His Dark Materials, review: A beautiful, brooding vision of Philip Pullman’s universe that is unafraid to air the book’s anti-theocratic messages

For the beguiling, dangerous Mrs Coulter, who better than Ruth Wilson? Nobody

Ed Cumming
Sunday 03 November 2019 18:12 GMT
His Dark Materials - trailer

Well, here we go again. The Hollywood film used to be the pinnacle of book-to-screen transformations. An author could hope for nothing greater than the bells-and-whistles cinematic going-over. Not any more. Now that “novelistic”, “prestige” TV spreads similar budgets across 10 hours or more, a starry, drawn-out, episodic version is the acme of adaptation.

With a new format in town, some adaptations are being redone, regardless of how recently we’ve seen them in the cinemas. The graphic novel Watchmen recently got the HBO do-over, just 10 years after Zach Snyder’s film. Amazon will shortly be presenting its Lord of the Rings prequel.

Which brings us to His Dark Materials (BBC One), a £50m, eight-part co-production with HBO that hopes to do for Philip Pullman’s bestselling novels what The Golden Compass, the 2007 film with Daniel Craig and Nicole Kidman, couldn’t quite pull off. It has been written by Jack Thorne, with several episodes, including the opener, directed by Tom Hooper, who won the Oscar for The King’s Speech. Filming for the second series is already underway, so there is obviously some confidence in the enterprise.

From the four episodes made available to previewers, you can see why. His Dark Materials is worth the trip. This is a beautiful, brooding vision of Pullman’s universe, which retains the mix of childish wonder and darkness that make his books so beguiling to young adults. The first episode opens in Oxford, where it is explained that this is a world “both like, and unlike, your own”. It’s a steampunkish parallel universe, without electricity and where the world is ruled by the sinister Magisterium. Our heroine is 11-year-old orphan Lyra Belacqua (Dafne Keen), who lives at the fictitious Jordan College, Oxford, under the watchful eye of The Master (Clarke Peters). She was dropped off there as a baby by her uncle, Lord Asriel (James McAvoy). But as we were warned, all is not what it seems.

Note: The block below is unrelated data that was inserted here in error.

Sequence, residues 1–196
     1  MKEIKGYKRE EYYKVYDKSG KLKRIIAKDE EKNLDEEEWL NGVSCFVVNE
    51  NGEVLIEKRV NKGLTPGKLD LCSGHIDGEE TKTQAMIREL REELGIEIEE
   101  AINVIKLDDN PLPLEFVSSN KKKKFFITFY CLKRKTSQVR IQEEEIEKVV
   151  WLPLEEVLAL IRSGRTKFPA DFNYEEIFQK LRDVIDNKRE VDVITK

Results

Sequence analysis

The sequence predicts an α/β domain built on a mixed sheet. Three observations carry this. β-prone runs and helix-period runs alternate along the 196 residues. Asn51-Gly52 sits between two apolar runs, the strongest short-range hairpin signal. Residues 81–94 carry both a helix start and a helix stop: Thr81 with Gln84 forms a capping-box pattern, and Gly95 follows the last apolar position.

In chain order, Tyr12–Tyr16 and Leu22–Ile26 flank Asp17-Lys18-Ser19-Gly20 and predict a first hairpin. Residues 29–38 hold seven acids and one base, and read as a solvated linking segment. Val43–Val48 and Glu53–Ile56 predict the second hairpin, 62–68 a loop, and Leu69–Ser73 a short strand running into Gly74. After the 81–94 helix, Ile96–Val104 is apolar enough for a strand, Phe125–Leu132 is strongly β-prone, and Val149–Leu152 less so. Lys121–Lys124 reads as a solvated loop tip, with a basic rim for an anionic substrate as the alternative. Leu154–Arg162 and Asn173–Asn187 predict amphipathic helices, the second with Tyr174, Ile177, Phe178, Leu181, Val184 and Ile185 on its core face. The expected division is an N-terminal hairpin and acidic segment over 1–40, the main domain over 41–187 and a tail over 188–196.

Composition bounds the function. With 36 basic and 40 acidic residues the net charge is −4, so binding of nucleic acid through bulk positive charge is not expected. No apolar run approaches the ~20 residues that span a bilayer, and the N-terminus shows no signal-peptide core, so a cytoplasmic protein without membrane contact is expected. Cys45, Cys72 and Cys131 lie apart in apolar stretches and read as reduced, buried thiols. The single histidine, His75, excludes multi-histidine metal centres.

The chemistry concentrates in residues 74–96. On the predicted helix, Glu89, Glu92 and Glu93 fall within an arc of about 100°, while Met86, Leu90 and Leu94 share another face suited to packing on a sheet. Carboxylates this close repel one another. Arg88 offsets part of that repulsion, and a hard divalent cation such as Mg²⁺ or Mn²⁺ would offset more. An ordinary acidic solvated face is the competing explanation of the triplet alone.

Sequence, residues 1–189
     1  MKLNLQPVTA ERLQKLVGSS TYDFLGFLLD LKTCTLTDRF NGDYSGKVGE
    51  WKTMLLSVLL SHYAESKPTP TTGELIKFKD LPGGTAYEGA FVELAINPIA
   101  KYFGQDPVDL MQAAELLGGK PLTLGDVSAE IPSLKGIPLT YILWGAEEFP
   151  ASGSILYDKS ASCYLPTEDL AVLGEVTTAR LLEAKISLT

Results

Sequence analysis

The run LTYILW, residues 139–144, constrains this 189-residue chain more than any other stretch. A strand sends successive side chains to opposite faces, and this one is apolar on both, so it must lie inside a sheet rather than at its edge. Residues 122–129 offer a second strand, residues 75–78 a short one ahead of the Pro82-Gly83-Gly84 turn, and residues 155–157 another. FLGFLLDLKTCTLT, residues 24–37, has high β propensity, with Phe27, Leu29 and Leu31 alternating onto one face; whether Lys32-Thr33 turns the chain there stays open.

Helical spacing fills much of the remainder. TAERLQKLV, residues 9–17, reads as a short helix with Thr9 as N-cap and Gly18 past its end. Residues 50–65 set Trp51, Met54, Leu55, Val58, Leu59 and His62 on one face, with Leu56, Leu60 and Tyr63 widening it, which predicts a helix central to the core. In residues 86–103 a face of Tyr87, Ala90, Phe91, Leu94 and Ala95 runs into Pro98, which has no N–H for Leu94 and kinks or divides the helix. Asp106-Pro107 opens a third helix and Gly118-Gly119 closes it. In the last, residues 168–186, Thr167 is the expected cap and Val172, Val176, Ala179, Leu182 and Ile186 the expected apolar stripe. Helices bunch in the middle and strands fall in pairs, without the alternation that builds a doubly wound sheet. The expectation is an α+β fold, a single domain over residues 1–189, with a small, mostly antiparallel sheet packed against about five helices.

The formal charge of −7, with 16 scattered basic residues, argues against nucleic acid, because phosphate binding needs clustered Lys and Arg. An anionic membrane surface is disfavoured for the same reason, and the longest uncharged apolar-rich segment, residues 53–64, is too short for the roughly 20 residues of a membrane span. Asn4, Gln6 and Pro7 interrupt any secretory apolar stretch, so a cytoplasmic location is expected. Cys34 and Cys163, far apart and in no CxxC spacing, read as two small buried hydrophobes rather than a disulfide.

One obvious way in which the world is unlike our own is the presence of daemons, animal familiars attached to human souls, which change shape and communicate telepathically. The screen demands speedier exposition than the books, but the daemons, whose voices we hear from the start, are presented startlingly without context. There are fine performances everywhere you look. Keen’s Lyra is brilliant and headstrong and vulnerable, pitched just so. For the beguiling, dangerous Mrs Coulter, who better than Ruth Wilson? Nobody. McAvoy is suitably zany as Asriel, making daring trips to the outlaw Arctic, while Lin-Manuel Miranda, as the the balloonist Lee Scoresby, reminds us he is much more than Alexander Hamilton.

The challenge with adapting Pullman’s books is not in weighing them down with pathos and menace, which must be tempting, but in retaining the fantastical energies that keeps them rollicking along. Amid all the thoughtful allegory and metaphysics there are plenty of things to look at: snow leopards, lumbering airships, armoured bears, and the new series doesn’t forget these simpler attractions. But while the 2007 film was lovely to watch in parts, too, it ultimately felt underpowered because it held back on some of the books’ anti-theocratic messages, for fear of spooking American audiences. No such anxieties are on display in His Dark Materials. The drama is all the richer for it. Adolescence wouldn’t be much fun if you didn’t get to question your gods.

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